My husband, who is so proud of me for publishing a book, and who is also drinking a lot, starts bragging on my urban dictionary research. I took it as a personal challenge to put some of these fun words in my novel. He decides to throw out my favorite new use of unique vocabulary, like twatwaffle, dickweed, and Adolf Titler. Oh my. Someone asked me what a twatwaffle was. “It’s…well, let’s just say it’s a literal visual.” Room fell silent. But the funny part is they were all imagining the visual.

Okay, okay, that’s what drunk brain told me. Reality? I’m guessing not. I’m not really sure what happened. All I know for sure is that I woke up naked in my bed with a case of anxiety mixed with a pounding headache. That usually means I did or said something I shouldn’t have the night before. Sometimes, I get diarrhea of the mouth when I drink. And, sometimes, I teach a room full of strangers about twatwaffles. Successful night out? I think yes. (Obviously, I have problems. I should write about them).

Punching Grandma

Ever accidentally create characters that have very strong resemblances to real people in your life? I figured out yesterday, while working on my second novel, that the horrible mother of my main character is really … my grandmother. *gasp*

I didn’t intentionally do it. I needed the mother to be antagonistic and a constant creator of strife in her daughter’s life. My brain had zero problem imagining such a person’s personality or the jabs she would take. I named her Joann.

She only appears briefly in a few parts, thus far, but she bothers me. She bothers me to the point that I considered having Joann’s daughter punch her in the face just to make me feel better. I mean, it’s my story, and I can do what I want. Right? Unfortunately, punches to Joann’s face don’t fit the narrative at this point. Can’t have my main character going off to jail on assault charges.

I was rereading some sections yesterday and gave up on writing for the day because I was stuck on the story line. Instead, I spent some time on Twitter and had some back-and-forth with some authors about disliking characters. And then it hit me.

I knew exactly why Joann was getting under my skin. I didn’t see it at first. But it’s so obvious. Joann is my father’s mother, in a younger package.

I know, I know. It’s not right to speak ill of the dead. But I didn’t set out to make some sort of statement about my family in my book. It’s a romantic comedy, for Pete’s sake. And who the hell is Pete, anyway?? I don’t like not knowing things.

The deceased in question was young when she had my dad. She was a fun grandma, more of a buddy at first than a grandmother. In fact, we weren’t allowed to call her ‘Grandma.’

I didn’t see the bites she was taking out of people until I was much older. I was ten when she offered me money to lose weight. $2 a pound. I was a chunky monkey at the time, but I was on the verge of a growth spurt where I would become the tallest girl in my grade. I guess my body needed the fuel…and some Little Debbies. But I just thought there must be something wrong with me because she said so. Oh, and she constantly asked what size I was (for years) so she could tell me what size she wore. She was 5’2″ and 95 lbs. I haven’t seen 95 lbs. since I was 9.

She was the queen of back-handed complements and hidden insults. “You cut your hair, didn’t you?” “Yes, m’am.” “Well, your cousin Marylynn has the prettiest head of hair I’ve ever seen.” WTF? I was 24 when that jab hit me. It was the turning point in our relationship and I started to distance myself. I never did confront her. No one did.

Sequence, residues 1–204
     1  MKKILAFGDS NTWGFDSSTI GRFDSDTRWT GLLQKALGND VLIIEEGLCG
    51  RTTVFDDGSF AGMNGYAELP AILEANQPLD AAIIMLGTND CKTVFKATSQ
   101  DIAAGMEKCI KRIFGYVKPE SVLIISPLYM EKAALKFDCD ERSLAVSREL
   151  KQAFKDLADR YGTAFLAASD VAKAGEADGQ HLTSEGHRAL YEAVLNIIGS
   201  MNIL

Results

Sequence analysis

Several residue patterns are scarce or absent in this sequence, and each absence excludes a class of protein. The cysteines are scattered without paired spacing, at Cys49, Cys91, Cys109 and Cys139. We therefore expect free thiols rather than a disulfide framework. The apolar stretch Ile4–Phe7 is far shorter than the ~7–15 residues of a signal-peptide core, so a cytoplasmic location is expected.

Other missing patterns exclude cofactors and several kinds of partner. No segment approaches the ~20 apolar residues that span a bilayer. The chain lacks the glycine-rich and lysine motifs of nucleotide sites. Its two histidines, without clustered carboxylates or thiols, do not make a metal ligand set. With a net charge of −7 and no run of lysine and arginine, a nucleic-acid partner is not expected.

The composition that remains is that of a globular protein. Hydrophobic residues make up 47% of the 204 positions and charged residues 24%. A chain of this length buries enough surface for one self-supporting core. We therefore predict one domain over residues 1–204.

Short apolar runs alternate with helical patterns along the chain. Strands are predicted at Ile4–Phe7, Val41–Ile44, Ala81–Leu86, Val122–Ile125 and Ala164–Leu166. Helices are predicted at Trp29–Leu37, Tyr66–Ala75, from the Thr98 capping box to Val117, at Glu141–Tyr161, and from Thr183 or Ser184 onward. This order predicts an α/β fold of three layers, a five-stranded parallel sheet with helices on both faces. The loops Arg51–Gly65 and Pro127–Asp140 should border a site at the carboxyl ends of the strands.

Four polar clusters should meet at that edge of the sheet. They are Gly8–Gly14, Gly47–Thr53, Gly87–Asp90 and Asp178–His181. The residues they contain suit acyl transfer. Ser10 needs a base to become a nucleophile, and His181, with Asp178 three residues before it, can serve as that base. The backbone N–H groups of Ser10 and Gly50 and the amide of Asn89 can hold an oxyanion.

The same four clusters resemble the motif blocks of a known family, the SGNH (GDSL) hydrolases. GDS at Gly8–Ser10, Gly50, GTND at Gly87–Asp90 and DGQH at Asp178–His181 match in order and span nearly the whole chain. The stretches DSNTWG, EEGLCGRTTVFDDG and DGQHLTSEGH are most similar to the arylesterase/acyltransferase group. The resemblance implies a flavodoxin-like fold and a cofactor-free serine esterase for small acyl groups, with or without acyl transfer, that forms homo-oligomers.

And now she’s in my book. And now I can choose to have Jen confront her mother, Joann. Or I can let it stay dysfunctional with no resolution where everyone dies in a zombie apocalypse. Kidding. No zombies in this book.

In short, I think this is my subconscious self figuring out how to deal with what I haven’t dealt with. Maybe it’s time to punch Grandma. Figuratively, of course. My God, you’re a blood thirsty reader, wanting me to have Jen punch Joann. (That’s me talking to my subconscious self again).

p.s. You cannot tell my father. I’m trusting you with my secrets, Universe. Your turn to confide. *waiting patiently, tapping foot*


Second Verse, Harder Than the First

Writing my first novel was an amazing experience. I never considered myself to be “a writer,” but I had this story in my mind for a few years. After a big move (from the South to the Midwest for my husband’s job), I had some time on my hands. So I decided to put the story down on paper.

I wrote here and there, and never consistently–just when I had the time in my day away from my kids. Because the story was already in my brain, it was a matter of getting it out. Getting 3,000-5,000 words out at a time was easy. And before I knew it, I had written over 80,000 words and had a completed story. And it was funny. Granted, I laugh at my own jokes, so maybe I’m biased; but the few readers that have reached out to me have told me it was funny. And what a compliment that is for me.

I really liked the characters, so I started a second novel, based on my main character’s roommate. “Write another,” they said. “It will be funny, too,” they said. Yeah, well they’re a bunch of f-ing liars. This s*&! is hard!

I thought the second story line would pour out of my mind as easily as the first. How naive of me. I guess I forgot that I had given years of thought into the first before I wrote it. I’ve gotten 20,000+ words down. And now I’m stuck. Is this what they call writer’s block? I don’t think so. The issue is that I have too many ways to take it and I feel pressured to pick the “best” path. I can’t seem to get away from thinking about what I would say and do as opposed to what the characters would say and do.

Oh, and to make matters worse, I now have become fixated on a fantasy story playing in my head about three sisters living in a parallel universe. Where the hell did that come from? I started making notes and character names with back stories. All of which distract me from that second novel I’m a third of the way through writing. Writer ADD? Can we call it WADD? Is that a thing? If not, I’d like to take credit for coining the term.